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How World War II Almost Broke American Politics

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Joshua Zeitz is a historian and NYT best selling author of "Linoln's Boys" and "Building the Great Society: Inside LBJ's White House". He is a frequent contributor to Politico Magazine. 

When Allied forces launched a dramatic air-and-sea assault on German-occupied France 75 years ago Thursday, the very scale and audacity of the operation were awe-inspiring. In the early-morning hours of June 6, 1944, hordes of planes dropped more than 10,000 paratroopers behind enemy lines; hundreds of warships and thousands of landing craft delivered 130,000 troops to the beaches of Normandy—most of them British or American—on the first day of the assault.

It was a remarkable achievement—and one of the reasons why, so many years later, Americans in a divided country now think of the World War II years as a beacon of feel-good unity and patriotism: Glenn Miller tunes on the radio, war bond posters in every window, Rosie the Riveter at her station “all the day long whether rain or shine, she’s a part of the assembly line.”

That image—the war as a moment of American domestic comity—however, might come as a surprise to anyone who lived through those years. In fact, the nation that waged that war was racked by deep political divisions, some with echoes that are still reverberating today.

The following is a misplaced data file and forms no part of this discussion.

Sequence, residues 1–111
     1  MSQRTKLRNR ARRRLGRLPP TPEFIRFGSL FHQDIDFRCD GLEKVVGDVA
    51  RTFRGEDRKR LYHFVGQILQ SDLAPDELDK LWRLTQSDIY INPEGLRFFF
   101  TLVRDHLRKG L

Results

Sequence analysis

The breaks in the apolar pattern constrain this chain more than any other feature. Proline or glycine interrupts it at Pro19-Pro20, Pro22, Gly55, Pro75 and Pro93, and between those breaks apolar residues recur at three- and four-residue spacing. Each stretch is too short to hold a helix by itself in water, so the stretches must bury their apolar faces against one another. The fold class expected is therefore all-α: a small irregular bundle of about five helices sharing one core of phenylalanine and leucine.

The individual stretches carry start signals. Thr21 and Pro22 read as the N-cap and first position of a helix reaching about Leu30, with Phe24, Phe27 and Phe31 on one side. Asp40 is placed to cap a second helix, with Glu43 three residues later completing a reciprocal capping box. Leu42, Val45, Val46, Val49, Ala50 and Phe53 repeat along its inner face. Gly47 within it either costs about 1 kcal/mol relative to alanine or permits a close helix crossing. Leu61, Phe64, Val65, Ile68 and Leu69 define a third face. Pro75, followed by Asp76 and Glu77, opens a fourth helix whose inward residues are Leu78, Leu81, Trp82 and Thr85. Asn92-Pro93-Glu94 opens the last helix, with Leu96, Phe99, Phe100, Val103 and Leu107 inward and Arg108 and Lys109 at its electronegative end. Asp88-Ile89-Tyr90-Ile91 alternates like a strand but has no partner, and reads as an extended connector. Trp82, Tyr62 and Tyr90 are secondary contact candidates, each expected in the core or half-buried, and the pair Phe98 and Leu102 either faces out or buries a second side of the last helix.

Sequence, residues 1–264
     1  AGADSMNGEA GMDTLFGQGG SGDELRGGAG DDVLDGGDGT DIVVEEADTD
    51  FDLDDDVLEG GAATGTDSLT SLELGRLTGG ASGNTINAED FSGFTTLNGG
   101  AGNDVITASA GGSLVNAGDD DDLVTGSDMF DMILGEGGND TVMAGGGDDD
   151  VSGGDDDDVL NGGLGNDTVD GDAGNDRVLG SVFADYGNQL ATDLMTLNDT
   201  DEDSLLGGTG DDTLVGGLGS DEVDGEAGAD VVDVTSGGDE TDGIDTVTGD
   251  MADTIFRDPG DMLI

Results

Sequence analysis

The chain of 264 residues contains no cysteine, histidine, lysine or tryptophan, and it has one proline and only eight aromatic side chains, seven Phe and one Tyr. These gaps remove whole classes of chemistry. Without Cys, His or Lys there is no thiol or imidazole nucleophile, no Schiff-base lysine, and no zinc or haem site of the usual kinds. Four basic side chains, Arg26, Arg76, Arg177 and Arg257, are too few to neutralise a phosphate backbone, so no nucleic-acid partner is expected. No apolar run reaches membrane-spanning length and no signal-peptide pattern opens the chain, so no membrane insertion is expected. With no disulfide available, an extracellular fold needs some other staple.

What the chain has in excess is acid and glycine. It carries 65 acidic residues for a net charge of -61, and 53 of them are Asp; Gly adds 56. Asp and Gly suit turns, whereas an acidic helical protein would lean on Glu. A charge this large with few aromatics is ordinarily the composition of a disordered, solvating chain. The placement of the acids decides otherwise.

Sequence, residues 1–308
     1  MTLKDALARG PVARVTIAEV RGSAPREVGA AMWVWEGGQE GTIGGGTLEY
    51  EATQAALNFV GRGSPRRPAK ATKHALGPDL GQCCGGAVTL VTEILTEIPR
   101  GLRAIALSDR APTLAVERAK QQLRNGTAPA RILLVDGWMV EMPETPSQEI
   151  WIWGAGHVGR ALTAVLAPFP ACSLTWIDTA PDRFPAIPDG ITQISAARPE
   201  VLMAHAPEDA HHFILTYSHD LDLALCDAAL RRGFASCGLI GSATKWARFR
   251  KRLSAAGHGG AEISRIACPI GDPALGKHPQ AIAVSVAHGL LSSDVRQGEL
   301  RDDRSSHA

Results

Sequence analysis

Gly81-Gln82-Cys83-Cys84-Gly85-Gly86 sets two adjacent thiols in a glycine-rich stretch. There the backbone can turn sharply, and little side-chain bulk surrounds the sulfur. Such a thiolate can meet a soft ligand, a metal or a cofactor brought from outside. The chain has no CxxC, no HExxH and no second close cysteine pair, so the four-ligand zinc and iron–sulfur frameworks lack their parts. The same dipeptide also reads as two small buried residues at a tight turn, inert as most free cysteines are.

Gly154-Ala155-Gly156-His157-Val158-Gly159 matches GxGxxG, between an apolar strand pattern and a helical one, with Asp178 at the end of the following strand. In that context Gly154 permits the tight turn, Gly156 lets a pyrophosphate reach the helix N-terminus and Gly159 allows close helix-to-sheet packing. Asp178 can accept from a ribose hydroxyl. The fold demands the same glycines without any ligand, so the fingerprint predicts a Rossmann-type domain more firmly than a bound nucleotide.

In the years leading up to its entry into World War II, the United States was bitterly divided over the New Deal and vehemently at odds over whether it should enter the conflict erupting in Europe. Even during the war, the country remained beset by racial and ethnic animosities that pitted Protestants against Catholics, Catholics against Jews and white Americans against people of color. Partisan rancor posed a steep barrier to the extreme measures that mobilization required: mass taxation, rationing, wage and price fixing, conscription, and surveillance. The business community sharply resisted the shift from civilian to military production. Organized labor loudly demanded its share of wartime prosperity. Even as the country fell in line with this vast expansion of state authority, outwardly uniting behind the war effort, discord boiled just beneath the surface, revealing itself in violent homefront outbursts and acid displays of political demagoguery.

Read entire article at Politico Magazine

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